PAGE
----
After much anticipation, Cornell University will publicly announce today the launch of its $4 billion capital campaign at the Weill Medical College in New York City. Taking the name, “Far Above…The Campaign for Cornell,” this epic fundraising drive is unprecedented in the university’s history, far exceeding the last campaign’s goal of $1.5 billion.
The launching of the capital campaign comes at a time when Cornell’s endowment, once among the top few, has fallen behind many of its Ivy League peers. The University’s endowment in 1990, which was at $900 million, rose to $3.4 billion by 2000. Nonetheless, the endowment per full-time student in 2000 was a meager $185,000 compared to $1.3 and $1.1 million at Princeton and Harvard, respectively.
“We have work to do,” said President David Skorton in a press release.
“Cornellians view the challenges we face in our communities — here in New York City, throughout the state or around the world — as opportunities to take bold and dramatic action. This is about responding to people’s needs by pushing back the boundaries of education, discovery and service, and fully realizing a role we have already begun to play: Land grant institution of the world,” Skorton said.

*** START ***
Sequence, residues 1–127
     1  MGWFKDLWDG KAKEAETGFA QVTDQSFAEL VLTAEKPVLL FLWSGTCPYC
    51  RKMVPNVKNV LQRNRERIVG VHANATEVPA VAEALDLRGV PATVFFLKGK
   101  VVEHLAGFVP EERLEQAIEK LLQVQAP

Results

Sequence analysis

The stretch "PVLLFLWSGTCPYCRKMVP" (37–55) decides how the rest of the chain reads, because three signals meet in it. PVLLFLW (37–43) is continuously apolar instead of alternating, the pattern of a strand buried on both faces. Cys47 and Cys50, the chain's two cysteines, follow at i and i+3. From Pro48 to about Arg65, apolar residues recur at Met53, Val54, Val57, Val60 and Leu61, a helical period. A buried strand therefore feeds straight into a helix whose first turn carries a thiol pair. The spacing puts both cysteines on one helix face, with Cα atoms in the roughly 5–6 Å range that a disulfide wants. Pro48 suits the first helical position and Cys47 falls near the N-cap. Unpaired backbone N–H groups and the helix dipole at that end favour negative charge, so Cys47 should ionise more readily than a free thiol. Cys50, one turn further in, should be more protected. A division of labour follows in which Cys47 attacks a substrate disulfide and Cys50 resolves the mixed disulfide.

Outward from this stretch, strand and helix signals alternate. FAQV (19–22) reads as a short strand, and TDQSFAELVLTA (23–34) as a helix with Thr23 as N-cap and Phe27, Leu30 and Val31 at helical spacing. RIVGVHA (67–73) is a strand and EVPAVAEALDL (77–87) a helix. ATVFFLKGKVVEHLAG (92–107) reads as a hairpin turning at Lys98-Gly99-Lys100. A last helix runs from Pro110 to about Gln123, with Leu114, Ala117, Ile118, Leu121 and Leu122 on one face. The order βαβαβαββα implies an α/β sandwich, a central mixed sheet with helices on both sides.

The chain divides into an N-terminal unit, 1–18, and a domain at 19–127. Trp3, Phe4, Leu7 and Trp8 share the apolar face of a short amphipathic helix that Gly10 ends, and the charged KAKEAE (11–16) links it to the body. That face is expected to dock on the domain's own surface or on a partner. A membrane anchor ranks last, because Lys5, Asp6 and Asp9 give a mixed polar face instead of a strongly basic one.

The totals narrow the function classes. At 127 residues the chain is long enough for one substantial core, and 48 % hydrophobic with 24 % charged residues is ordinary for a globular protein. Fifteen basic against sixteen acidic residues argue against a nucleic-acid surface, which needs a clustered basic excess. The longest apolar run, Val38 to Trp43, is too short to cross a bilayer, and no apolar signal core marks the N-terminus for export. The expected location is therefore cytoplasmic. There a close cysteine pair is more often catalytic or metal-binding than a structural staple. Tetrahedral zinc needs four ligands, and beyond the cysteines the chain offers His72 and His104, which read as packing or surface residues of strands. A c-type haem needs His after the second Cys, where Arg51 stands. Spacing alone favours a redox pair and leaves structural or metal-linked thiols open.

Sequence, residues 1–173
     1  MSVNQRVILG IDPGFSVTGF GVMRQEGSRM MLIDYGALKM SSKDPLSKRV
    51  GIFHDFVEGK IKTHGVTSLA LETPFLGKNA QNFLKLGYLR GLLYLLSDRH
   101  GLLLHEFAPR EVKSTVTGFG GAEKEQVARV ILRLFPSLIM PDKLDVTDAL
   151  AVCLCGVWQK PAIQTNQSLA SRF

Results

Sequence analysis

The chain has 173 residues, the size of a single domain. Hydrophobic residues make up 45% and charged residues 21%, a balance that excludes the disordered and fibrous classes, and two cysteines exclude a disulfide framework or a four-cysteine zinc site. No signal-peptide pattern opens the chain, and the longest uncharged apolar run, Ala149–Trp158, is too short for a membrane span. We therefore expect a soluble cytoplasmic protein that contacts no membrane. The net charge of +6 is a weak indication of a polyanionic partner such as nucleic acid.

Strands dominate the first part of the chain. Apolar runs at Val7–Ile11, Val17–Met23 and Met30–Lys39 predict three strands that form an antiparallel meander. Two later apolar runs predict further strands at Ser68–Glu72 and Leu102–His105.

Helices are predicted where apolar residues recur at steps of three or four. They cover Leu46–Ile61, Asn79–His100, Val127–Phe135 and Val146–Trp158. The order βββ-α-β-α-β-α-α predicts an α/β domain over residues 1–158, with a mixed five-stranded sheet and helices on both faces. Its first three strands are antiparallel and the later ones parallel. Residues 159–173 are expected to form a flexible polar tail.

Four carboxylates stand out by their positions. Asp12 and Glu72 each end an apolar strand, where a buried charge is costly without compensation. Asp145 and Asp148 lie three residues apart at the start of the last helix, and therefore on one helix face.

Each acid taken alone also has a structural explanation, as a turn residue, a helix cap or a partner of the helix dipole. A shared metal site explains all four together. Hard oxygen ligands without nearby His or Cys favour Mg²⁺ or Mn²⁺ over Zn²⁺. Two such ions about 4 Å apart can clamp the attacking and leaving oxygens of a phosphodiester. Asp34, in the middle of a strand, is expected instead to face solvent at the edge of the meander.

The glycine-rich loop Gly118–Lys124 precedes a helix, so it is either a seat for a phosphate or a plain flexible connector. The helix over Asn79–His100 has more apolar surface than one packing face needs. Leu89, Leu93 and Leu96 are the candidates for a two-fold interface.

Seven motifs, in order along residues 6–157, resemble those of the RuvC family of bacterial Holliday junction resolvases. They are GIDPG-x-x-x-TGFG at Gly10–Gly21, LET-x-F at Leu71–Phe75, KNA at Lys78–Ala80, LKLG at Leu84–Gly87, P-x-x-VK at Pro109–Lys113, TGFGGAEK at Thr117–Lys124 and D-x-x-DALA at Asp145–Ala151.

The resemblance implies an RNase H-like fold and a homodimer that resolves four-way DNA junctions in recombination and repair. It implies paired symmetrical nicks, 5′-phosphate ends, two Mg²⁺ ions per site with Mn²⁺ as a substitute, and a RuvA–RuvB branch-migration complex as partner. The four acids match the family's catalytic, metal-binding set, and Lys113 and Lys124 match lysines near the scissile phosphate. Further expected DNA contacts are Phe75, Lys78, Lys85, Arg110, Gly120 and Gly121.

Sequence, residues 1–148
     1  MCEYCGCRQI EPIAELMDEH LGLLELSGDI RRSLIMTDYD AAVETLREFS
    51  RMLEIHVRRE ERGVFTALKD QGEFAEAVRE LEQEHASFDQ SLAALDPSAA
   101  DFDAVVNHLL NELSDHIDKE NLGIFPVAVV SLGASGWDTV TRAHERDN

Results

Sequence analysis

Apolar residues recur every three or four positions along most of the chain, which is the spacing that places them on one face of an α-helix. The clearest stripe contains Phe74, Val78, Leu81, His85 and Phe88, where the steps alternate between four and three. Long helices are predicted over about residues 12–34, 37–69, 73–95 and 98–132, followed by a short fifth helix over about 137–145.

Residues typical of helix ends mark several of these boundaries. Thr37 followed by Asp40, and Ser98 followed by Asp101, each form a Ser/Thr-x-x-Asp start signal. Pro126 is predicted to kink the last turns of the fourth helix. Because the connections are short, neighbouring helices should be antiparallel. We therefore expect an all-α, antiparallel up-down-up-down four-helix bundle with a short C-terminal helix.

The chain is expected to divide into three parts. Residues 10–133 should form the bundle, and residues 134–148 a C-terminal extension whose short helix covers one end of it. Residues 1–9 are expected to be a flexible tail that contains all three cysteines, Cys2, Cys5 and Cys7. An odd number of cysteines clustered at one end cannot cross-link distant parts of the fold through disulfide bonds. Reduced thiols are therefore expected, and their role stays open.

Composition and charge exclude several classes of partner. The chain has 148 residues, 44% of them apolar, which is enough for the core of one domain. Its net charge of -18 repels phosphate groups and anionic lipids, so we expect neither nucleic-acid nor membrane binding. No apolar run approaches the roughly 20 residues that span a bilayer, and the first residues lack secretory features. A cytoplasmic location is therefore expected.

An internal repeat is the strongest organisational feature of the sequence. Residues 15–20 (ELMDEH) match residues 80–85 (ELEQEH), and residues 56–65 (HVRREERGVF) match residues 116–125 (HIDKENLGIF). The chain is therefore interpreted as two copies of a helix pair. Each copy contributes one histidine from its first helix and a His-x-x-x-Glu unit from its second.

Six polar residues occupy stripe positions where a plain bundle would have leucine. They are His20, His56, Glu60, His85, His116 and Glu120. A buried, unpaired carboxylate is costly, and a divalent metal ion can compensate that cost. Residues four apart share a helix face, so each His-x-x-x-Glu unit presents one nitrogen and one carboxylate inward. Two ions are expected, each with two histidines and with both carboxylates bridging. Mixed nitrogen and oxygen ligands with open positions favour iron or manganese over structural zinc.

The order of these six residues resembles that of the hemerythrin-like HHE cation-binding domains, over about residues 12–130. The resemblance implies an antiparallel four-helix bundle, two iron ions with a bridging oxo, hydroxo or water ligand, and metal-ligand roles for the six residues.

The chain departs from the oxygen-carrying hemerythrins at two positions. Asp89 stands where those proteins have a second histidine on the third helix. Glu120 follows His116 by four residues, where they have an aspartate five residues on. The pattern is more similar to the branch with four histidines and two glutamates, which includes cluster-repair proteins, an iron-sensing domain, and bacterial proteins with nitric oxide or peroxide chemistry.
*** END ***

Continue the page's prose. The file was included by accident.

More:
The Breakdown in Brief
But specifically, what will this mean for Cornell? This capital campaign will not have specific fundraising goals broken down by college, like the previous campaign, but rather by three campaign priorities: providing students with access to a Cornell education, recruiting and retaining the next generation of faculty and creating state of the art facilities.
$640 million, or 16 percent of the total campaign goal, will go toward student support. This includes undergraduate financial aid, international scholarship funds, graduate fellowships, financial aid for students in Cornell’s professional schools, and general funds to “enhance the living-learning experience.”
$1.885 billion, or 47 percent, will go toward faculty and program support. The funds will be applied to endowing faculty positions and academic support positions, and enhancing research and programs.